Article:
STTR-8-7-2014 - University of Connecticut

Report
Defect-free Ultra-Rapid Polishing/Thinning
of Diamond Crystal Radiator Targets for
Highly Linearly Polarized Photon Beams
PI: Arul Arjunan
Sinmat Inc
Rajiv Singh
University of Florida
Richard Jones
University of Connecticut
Program Manager: Manouchehr Farkhondeh
DOE STTR #DE-SC-0004190
SBIR / STTR Exchange Meeting, Gaithersburg, August 6-7, 2014
Sinmat
Outline
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Innovative CMP solutions
Application: high-energy polarized photon source
❑ uniqueness of diamond as a radiator
❑ competing specifications: thickness vs. flatness
❑ proposed solution: a thick frame around the radiator
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Two approaches investigated
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Conclusions and Future Directions
❑ vapor phase ion etching with mask (Sinmat)
❑ milling by UV laser ablation (UConn)
SBIR / STTR Exchange Meeting, Gaithersburg, August 6-7, 2014
Sinmat
Innovative CMP solutions
Diamond - a high-energy polarized photon source
Radiator
Tagger
Coherent Bremsstrahlung
9 GeV polarized photon beam
Counting
House
Photon
beam dump
Pair
Spectrometer
Top View
76 m
12 GeV
electron beam
Collimator
Electron beam dump
GlueX
detector
Crystalline radiator => electrons “bremsstrahlung” from entire planes of atoms at a time
1.
2.
discrete peaks in energy spectrum
photons are polarized within the peaks
Diamond is the unique choice for crystal radiator
1.
2.
3.
4.
low atomic number
dense atomic packing
high thermal conductivity
radiation hard, mechanically robust, large-area monocrystals, ...
SBIR / STTR Exchange Meeting, Gaithersburg, August 6-7, 2014
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Sinmat
Coherent bremsstrahlung beam properties
Bremsstrahlung spectrum with (black)
and without (red) an oriented diamond
crystal radiator
SBIR / STTR Exchange Meeting, Gaithersburg, August 6-7, 2014
Innovative CMP solutions
Same spectrum, after cleanup using
small-angle collimation
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Sinmat
Innovative CMP solutions
Diamond radiator requirements
1. thickness 10-4 radiation lengths ~ 20 microns
2. “mosaic spread” of the crystal planes ~ 20 μrad RMS
crystal appears
as a mosaic of
microscopic
quasi-perfect
domains
❑ Actually includes other kinds of effects
▪ distributed strain
▪ plastic deformation
❑ Measured directly by X-ray diffraction: “rocking curves”
SBIR / STTR Exchange Meeting, Gaithersburg, August 6-7, 2014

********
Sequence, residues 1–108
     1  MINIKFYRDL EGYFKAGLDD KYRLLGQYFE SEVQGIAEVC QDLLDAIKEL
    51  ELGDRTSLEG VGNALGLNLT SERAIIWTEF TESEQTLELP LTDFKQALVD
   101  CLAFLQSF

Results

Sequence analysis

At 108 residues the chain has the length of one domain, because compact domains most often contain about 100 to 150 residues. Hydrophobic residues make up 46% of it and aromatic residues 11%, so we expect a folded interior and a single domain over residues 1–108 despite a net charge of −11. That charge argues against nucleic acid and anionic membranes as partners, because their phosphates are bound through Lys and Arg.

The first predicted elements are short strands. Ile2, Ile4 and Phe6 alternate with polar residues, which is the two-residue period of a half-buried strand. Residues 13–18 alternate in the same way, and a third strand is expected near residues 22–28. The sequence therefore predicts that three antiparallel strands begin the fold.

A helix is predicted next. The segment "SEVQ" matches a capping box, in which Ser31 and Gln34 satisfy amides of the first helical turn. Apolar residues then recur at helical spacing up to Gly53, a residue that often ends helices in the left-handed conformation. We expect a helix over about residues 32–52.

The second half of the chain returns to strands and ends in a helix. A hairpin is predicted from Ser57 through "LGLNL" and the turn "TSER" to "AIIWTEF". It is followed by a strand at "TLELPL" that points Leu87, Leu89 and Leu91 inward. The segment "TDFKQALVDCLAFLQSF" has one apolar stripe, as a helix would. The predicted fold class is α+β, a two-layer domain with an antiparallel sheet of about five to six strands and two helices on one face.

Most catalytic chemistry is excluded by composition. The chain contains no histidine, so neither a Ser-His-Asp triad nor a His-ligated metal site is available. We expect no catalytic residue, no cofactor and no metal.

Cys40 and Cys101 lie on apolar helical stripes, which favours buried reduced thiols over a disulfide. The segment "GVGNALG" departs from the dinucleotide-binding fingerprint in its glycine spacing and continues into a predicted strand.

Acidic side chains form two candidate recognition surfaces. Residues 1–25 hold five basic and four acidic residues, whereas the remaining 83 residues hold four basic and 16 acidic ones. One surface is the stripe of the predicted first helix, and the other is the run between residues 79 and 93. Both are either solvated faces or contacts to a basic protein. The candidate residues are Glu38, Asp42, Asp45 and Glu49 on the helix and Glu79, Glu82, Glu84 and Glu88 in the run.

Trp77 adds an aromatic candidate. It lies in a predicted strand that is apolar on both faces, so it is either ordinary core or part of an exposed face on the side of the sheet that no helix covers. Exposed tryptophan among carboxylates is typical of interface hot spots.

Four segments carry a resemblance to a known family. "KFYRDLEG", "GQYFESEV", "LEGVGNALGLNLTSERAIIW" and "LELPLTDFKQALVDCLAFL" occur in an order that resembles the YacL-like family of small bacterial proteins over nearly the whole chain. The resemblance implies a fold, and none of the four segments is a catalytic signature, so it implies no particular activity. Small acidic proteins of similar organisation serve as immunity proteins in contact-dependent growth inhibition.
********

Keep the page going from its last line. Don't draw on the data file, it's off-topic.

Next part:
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Sinmat
Innovative CMP solutions
E6 single-crystal CVD(!) diamond
Very close to
theoretical rocking
curve RMS width
for diamond !
but…
These crystals are
300 microns thick.
X-ray measurements performed at Cornell High Energy Synchrotron Source (CHESS)
SBIR / STTR Exchange Meeting, Gaithersburg, August 6-7, 2014
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Sinmat
E6 CVD diamond thinned to 15 microns
Innovative CMP solutions
Sample was thinned using proprietary Sinmat RCMP process (presented in early talk)
●
●
very fragile -- notice the corner broken off
rocking curve shows very large bending deformation
(0,1,0)
(1,0,0)
X-ray measurements performed at Cornell High Energy Synchrotron Source (CHESS) - STTR phase 1
SBIR / STTR Exchange Meeting, Gaithersburg, August 6-7, 2014
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Sinmat
Primary R&D challenge in Phase 2
Innovative CMP solutions
Understand and overcome the thin diamond warping problem.
Diamonds appear to warp
severely when thinned to
20 microns.
Warping is from combination of
mounting and internal stresses.
Try to stiffen the diamond by
leaving a thick outer frame
around the 20 micron region.
Frame around 20 micron window is still part
of the single crystal, acts like a drum head.
SBIR / STTR Exchange Meeting, Gaithersburg, August 6-7, 2014
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Sinmat
Innovative CMP solutions
Two-prong method of attack
1. Chemical etching using a mask - Sinmat
– Step 1: Deposit a metallic mask covering the outer frame region.
– Step 2: Etch masked sample using oxygen VPIE.
– Monitor removal rates, expect >50 microns/hr
– Watch when mask sputters away, when gone return to step 1.
– Step 3: Measure central thickness, remove residual mask when done.
2. Precision milling with a UV laser - UConn
– New ablation facility built at UConn for this project
 5W pulsed excimer laser generates 5W at 193 nm
 UV optics to expand beam, focus to 0.1mm spot
 evacuated ablation chamber with tilted sample holder
 3D motion controls to raster the diamond across the beam
– Software developed to generate smooth flat ablated surface
SBIR / STTR Exchange Meeting, Gaithersburg, August 6-7, 2014
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Sinmat
Innovative CMP solutions
APPROACH 1: Chemical etching
●
●
●
●